Sportswear manufacturer Puma ultimately sponsored Read’s team in both the 2008-09 and 2011-12 race, in which they finished second and third respectively, despite a famed dismasting in their second appearance. In fact, all of Read’s skills were needed in the Volvo—schmoozing with sponsors, program and design management, team selection and a heavy dose of leadership. “Before the first race in Alicante, I ran behind a container and threw up,” Read recalls.
In the end, though the last two editions of the Volvo that showcased the avant-garde, wildly fast Volvo 70s were largely defined by Puma’s iconic black cat. And the next thing Read knew he was once again a favorite on the world stage, despite only being in his late 40s.
President of a Sport
Post-Volvo, lacking the stamina and desire for another lap of the planet, but reinvigorated, Read took up the offer to become president of North in 2013.What followed was a string of campaigns that established him as one of the most influential individuals in the sport. Indeed, it seemed there was no corner he didn’t touch: he was a Cup analyst and on the ground floor of lucrative one-design sail packages for the Cup and Volvo; he helped kickstart the ridiculously fanciful recreation of the J-Class with Jim Clark’s Hanuman; and he led the creation of a new breed of ocean-record-setting boats with the wildly fast monohull Comanche.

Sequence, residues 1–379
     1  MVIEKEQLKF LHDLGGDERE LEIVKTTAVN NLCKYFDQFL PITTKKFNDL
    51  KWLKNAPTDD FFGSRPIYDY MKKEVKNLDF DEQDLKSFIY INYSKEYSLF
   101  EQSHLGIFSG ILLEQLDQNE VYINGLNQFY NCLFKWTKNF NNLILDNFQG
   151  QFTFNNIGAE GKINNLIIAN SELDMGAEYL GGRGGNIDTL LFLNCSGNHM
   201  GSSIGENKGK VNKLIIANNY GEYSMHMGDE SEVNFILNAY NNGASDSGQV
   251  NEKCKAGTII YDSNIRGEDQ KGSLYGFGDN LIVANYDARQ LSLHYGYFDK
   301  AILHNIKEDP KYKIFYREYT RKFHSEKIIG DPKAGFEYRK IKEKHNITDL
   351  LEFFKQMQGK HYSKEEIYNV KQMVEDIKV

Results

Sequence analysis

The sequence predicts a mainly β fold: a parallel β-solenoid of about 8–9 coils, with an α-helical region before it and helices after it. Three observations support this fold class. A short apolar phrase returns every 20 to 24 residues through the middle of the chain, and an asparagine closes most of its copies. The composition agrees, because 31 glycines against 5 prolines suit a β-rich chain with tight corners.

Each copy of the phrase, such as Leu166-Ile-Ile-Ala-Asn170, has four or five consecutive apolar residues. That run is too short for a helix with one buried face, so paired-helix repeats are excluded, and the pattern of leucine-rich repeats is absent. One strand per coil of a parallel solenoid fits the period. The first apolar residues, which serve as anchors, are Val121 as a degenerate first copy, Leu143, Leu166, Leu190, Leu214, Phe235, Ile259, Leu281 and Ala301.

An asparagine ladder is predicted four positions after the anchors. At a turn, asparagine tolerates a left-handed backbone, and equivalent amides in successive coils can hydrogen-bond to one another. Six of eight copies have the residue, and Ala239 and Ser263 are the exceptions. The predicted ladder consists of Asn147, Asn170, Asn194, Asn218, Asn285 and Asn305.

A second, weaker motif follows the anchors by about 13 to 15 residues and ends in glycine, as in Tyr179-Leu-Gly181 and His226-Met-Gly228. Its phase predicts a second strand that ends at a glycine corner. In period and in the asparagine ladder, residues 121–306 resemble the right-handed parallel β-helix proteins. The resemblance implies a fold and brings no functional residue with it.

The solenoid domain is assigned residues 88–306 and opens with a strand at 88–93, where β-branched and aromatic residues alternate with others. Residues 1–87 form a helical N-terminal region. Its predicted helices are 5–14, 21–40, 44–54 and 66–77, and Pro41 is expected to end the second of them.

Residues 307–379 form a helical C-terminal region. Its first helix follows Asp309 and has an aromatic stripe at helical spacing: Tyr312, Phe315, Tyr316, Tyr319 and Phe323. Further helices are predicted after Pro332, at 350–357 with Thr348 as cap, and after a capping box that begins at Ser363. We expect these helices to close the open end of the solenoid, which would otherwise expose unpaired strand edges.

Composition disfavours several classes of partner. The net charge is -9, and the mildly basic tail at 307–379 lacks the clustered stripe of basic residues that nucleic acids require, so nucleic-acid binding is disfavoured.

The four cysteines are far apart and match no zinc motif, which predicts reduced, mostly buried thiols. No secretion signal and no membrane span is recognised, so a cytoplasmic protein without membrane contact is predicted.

“You’ve got to get someone to believe in you and fund you. Then you have to deliver,” Jobson says of Read’s organizational ability. “He’s always listening and learning. [With Comanche] he brought together some talents. He knew who to call. He was a conduit for those developments. He’s made a good living at it. He’s excellent at identifying an opportunity and doing something with it.”
With respect to the question whether Ken Read is one of the greatest sailors of our time, Jobson says without hesitation: “He scores in the excellent category, but not extraordinary. Part of that was his concern over making a living and selling sails. He’s an inspiring guy. Upbeat. I think that’s infectious.”